“I remember the sound of that river and of those falls,” Wilbur Slockish, Jr. told me. Slockish, who was raised on these waters, is the chief of the Klickitat people, a Native American tribe of the Pacific Northwest. “I used to make money by packing one or two fish – the fish were bigger in those days. And I packed them up for the fishermen so that they could fish and I would struggle up there. And that’s where I got my strength, for that was my exercise.”

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Original previously unpublished photograph of Celilo Falls in the 1950s by Chet Coats showing the falls that are now submerged by the damed up river. Although inaccessible, it is said that the falls still flow. Courtesy the Coats family.

And Slockish was not alone. During my time on this portion of the Gorge, I visited several of the 31 native fishing in-lieu sites. I toured and met with different tribes who make up the Columbia River Indians — the Warm Springs, Yakama, Umatilla, and Nez Perce.

Down in Cascade Locks, I met with young Nez Perce natives who were busy getting ready with their boats and their nets for their ceremonial fishing.  The first fish of the year, the spring salmon, are collected by the tribes for their ceremonial needs. Extra salmon are brought home to fill the freezers for the years ahead. Only once the quotas are met, will the tribes consider fishing commercially. Although this year’s spring salmon is late, these Columbia River fishermen were hopeful.

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Bud Herrera, 54, casts one of six poles out into the Columbia below at Rufus Native In-Lieu Fishing Site below the John Day Dam. Photo by Neal Moore.

Bud Herrera, 54, of the Columbia River Inter-Tribal Fish Commission, fishes below the John Day Dam on the Columbia River. Bud, a Umatilla, tells me this could be one of the lowest seasons on record since 1939 for the spring chinook salmon. Bud fishes by scaffold and by line, and while this year’s catch is low, he likewise remains confident.

Bud’s cousin, Cort Herrera, 54, a Umatilla, spoke to me about how family and fishing go hand in hand. “It just goes together. You know, we catch the fish together and have good times here – make memories together on the riverbank. Just have fun, you know. That’s what it’s all about – to teach the younger generation, so they can do it when we’re not here. Just like we learned from our family relations.”

While I was documenting the Herrera family, Bud’s nephew helped his 9-year-old nephew land a spring chinook salmon. The kid’s face said it all. His gap-toothed smile was priceless.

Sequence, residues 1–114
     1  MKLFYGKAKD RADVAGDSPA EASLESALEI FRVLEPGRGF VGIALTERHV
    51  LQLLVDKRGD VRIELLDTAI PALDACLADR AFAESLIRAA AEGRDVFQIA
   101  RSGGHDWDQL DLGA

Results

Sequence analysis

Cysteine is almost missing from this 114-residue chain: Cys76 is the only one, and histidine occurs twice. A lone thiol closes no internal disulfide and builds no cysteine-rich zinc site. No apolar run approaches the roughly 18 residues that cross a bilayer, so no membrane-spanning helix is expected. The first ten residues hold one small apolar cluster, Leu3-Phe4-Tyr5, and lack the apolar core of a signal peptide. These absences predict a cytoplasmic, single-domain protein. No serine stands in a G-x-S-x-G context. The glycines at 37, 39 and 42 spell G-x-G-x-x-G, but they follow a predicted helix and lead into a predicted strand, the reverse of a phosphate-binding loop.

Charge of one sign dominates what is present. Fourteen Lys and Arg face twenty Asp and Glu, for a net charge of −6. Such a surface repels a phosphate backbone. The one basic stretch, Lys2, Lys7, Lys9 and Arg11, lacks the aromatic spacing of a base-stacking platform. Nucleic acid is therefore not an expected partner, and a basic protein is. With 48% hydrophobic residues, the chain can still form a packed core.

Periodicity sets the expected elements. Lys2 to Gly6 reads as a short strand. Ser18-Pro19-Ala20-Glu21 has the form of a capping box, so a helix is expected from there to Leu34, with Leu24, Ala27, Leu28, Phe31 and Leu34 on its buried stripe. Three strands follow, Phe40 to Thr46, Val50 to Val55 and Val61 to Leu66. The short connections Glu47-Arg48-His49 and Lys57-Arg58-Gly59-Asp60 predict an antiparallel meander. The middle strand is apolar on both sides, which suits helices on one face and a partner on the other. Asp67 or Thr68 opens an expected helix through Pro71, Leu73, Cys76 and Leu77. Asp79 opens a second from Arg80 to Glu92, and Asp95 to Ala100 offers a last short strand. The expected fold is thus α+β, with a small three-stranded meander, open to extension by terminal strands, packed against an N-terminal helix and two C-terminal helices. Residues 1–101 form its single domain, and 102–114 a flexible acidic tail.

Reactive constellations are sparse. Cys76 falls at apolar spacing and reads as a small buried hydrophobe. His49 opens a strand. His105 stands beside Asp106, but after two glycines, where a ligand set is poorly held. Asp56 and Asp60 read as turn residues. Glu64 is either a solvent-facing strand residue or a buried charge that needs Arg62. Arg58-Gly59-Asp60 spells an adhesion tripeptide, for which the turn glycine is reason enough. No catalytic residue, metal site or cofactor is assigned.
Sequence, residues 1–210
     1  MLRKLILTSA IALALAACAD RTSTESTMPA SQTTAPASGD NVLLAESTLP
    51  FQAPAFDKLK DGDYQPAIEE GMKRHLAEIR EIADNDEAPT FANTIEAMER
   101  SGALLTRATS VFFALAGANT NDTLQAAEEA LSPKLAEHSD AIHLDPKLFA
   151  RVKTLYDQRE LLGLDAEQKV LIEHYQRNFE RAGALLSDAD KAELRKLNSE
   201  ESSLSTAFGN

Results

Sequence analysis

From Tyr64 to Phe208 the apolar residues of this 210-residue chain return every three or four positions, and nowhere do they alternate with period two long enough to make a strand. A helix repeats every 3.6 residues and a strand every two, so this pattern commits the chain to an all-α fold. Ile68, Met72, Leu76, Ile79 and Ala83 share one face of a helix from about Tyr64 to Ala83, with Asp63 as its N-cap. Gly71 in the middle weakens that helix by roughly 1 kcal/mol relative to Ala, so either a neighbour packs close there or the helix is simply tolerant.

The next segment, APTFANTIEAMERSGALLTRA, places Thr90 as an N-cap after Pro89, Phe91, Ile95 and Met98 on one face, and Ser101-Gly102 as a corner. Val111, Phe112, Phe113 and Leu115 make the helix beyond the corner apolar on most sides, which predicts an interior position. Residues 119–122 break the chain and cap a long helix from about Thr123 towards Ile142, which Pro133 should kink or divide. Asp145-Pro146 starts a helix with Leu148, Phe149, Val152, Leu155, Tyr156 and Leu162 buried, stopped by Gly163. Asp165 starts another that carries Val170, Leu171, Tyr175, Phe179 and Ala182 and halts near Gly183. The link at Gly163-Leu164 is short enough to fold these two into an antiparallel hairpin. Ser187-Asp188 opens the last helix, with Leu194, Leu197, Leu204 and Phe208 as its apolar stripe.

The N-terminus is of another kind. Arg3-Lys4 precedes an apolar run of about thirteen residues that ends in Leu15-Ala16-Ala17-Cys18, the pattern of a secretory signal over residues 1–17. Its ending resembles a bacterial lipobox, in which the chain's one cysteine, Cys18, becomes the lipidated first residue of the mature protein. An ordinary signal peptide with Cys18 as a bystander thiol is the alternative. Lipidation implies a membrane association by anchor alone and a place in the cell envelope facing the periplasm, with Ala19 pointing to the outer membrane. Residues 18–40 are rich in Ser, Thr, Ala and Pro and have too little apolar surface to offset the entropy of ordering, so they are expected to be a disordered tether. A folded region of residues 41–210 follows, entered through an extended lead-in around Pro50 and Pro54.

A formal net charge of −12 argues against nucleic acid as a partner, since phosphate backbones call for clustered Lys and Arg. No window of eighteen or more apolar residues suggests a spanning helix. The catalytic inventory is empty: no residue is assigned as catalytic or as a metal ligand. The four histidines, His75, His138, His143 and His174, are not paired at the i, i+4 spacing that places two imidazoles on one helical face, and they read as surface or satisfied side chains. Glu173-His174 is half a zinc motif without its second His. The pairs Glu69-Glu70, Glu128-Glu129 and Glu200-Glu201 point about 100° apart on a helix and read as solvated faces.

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Cort Herrera, 54, checks his lines as the Willamette C tug pushes barges of juvenile salmon downriver, assisting their natural progression around the dams. Photo by Neal Moore.

The reason for the 31 in-lieu sites goes back to the Treaty of 1855, which Wilbur Slockish Jr.’s grandfather was a signatory of. When asked to remind us what the treaty promised the local native tribes, Slockish explained: “We were to retain our lands, certain lands, and to retain our fishing rights and our hunting rights. We were to retain all of our other food gathering activities. Places that we fished at. And we gave land to the federal government in exchange for that. We were promised adequate healthcare and they were supposed to build a hospital.”

Today, with the construction of the dams and the washing out of the villages, living conditions for the Warm Springs, Nez Perce, Umatilla, and Yakama Native American tribes at the original in-lieu dedicated settlement sites along the Columbia River Gorge remain unsafe and unsanitary. As residents await the federal government’s decades-old promise of “adequate permanent housing” to replace their once-thriving communities washed away by the construction of the dams.

“A lot of people here,” said Slockish, “they seemed all to think that the government and the courts gave us hunting rights and fishing rights — not realizing who gave what to whom.”

There is a connection to this land and river that the native people understand. That they live and breathe and practice and teach. “That is what is important and I try to protect it,” said Slockish. “Because these are the gifts that our creator gave to us. We protect them and take care of them and in turn they will take care of us. Because we don’t own them — the future owns them … So that’s why we value them. Our bodies are made from this land and everything will return to the land – the law of the land – go back to it.  So why would you harm it?